Dear editor,

I would like to invite readers to take the Project Appleseed pledge of school and community involvement. I am a student at the University of Kentucky and sort of fell into a public advocacy class. Lucky for me, the class provided a friendly push toward advocating for the betterment of our schools. After working in an after school program for two years and taking a few child development classes, I decided that I was very much in support of school reform. When an assignment arose for finding a live advocacy campaign, it was obvious that I’d focus on schools.

But exactly what part of school needs reforming? If you were to ask me a few weeks ago, my answer would be, “Everything!” After doing some research, though, I came across Project Appleseed, which emphasizes the importance of community and parent involvement in education. It makes a lot of sense. Yes, many public school systems could use improvement in the areas of curriculum, format of the school day, teacher training and support programs, and many more aspects of education. But if all this changes, and there is no increase in interaction between our schools and our communities, will the change turn out to be in vain? If parents do not take charge and involve themselves with their child’s education, what the child learns will be confined within the walls of a school building. Communities need to embrace the school system as an extension of the community itself, so that children will know education goes beyond the school itself.

Project Appleseed’s philosophy is that communities and schools need to work together to create a healthy learning environment for children, establish training and support programs for educators, and emphasize nutrition and fitness. Their system is represented by “Six Slices of Parent Involvement”: volunteering, parenting, community, learning at home, decision making, and collaborating with community. “Volunteering” involves their system of recruiting parents and citizens to devote at least five hours a semester to their school district. The pledge for volunteering gives a wide range of options from clerical work to helping supervise field trips. There are even options for people who have special skills such as carpentry, gardening, and photography. This puts emphasis on the fact that there is a place for everybody.

Project Appleseed’s involvement with “parenting” includes researching ways to help families engage with their children’s education. A large part of this is providing families with resources to help with homework and other school-related projects or activities. This particular slice seems very important to me. As a person who works with children—let me revise that, as a college-educated person who works with children—I have found much difficulty in figuring out even kindergarten-level assignments. Yes, I know what rhymes with “suit,” and which number comes before three. However, when a paper includes only a limited amount of pictures and words and no directions, even the wisest of adults can be left stumped. This leaves out the fact that not all parents are “the wisest of adults.” However, that shouldn’t hinder their ability to help their children with homework. Schools should provide resources to families that will help them to work effectively with their children outside of school.  The “learning at home” slice is very much tied to the idea of children being able to extend learning beyond the school building and school hours.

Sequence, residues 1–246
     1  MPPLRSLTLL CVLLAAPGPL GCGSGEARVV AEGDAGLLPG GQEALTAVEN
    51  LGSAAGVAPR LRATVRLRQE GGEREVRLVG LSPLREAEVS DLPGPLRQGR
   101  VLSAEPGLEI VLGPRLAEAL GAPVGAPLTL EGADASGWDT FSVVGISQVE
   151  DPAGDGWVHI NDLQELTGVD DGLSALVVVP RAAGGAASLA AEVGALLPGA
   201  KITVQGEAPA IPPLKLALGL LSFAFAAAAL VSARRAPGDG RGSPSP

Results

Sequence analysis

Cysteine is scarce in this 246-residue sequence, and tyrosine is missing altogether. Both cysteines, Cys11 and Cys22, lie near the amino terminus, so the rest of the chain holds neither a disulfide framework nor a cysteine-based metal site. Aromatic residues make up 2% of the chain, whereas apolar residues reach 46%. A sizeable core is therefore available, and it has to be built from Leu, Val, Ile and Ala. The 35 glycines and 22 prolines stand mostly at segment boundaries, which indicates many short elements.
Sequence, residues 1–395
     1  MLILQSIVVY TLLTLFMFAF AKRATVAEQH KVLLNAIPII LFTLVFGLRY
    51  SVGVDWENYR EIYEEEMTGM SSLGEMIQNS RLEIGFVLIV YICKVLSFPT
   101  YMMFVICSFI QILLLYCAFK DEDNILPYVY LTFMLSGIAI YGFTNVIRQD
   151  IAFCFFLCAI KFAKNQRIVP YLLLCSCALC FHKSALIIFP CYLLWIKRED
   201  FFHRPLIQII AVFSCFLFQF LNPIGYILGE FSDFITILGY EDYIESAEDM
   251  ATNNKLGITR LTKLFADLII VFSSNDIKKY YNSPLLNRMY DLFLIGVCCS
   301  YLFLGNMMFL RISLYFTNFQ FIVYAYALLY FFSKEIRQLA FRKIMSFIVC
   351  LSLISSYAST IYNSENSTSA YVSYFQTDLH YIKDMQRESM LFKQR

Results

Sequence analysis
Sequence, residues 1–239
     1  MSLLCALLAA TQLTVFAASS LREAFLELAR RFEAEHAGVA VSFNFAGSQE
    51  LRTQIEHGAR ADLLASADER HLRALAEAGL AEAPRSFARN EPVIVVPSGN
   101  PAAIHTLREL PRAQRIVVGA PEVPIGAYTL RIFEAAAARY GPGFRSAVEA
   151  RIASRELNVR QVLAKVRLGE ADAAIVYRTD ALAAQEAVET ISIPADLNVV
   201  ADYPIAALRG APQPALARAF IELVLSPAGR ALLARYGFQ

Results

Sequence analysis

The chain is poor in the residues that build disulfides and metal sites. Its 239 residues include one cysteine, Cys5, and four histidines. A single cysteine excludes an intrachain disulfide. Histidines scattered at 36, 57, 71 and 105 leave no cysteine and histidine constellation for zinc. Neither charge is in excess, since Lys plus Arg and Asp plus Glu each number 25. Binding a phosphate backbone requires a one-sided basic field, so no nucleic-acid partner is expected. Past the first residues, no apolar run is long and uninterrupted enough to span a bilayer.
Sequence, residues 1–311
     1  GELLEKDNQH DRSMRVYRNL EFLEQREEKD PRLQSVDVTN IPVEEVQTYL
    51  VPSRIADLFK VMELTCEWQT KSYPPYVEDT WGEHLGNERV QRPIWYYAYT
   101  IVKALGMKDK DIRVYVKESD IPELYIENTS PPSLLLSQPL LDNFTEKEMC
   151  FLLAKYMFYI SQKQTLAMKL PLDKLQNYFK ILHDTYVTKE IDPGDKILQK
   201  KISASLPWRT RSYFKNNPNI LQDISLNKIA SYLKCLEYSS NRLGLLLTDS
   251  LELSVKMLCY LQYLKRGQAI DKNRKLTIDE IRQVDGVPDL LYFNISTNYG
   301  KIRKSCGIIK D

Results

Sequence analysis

“Decision making” emphasizes the fact that parents and the community should be involved with the decision making process within the school system. This flows freely with the idea that the community itself should be an umbrella that encompasses the education system rather than a separate entity from the education system. In Lexington alone, there are many programs that help our children and community, such as the YMCA and Big Brothers, Big Sisters. Project Appleseed advocates for joining these programs with our school buildings. A great example of this is the YMCA and Parks and Recreation after school programs that many of Lexington’s schools house. The children who attend these programs also attend classes outside of school hours and camps during the summer. They learn early on to become a part of their community. Project Appleseed advocates for involving community, and I believe this is the most important part of their mission. Not a “kid person”? That’s no reason to be uninvolved in our public schools. Our educational system, whether we like it or not, cultivates our future community. So maybe you aren’t a kid person, but chances are, if you’re an avid reader of this paper, you do care about your neighborhood.

I would like to inject that I am not an employee of, or directly affiliated with, Project Appleseed, and I only recently began my journey as an advocate for their campaign. I would also add that I do not particularly care whether or not reading this letter makes you jump on the Project Appleseed website and whole-heartedly but absent-mindedly sign their pledge. My hope is that anyone who reads this letter will simply think about what education means to you and what it can mean for the community. Decide whether or not you agree with what I’ve said, and take a stand. I implore you to make the decision to become involved with your community. And in that, I hope you decide that making a commitment to our children and their future is a very important aspect of that involvement.

Thank you,

Amelia Conley

concerned student and community advocate

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